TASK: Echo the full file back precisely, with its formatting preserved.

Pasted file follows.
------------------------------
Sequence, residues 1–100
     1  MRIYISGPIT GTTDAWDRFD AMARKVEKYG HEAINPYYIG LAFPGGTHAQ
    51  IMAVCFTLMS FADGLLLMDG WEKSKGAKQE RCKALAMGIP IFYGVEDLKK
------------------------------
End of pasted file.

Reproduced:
Sequence, residues 1–100
     1  MRIYISGPIT GTTDAWDRFD AMARKVEKYG HEAINPYYIG LAFPGGTHAQ
    51  IMAVCFTLMS FADGLLLMDG WEKSKGAKQE RCKALAMGIP IFYGVEDLKK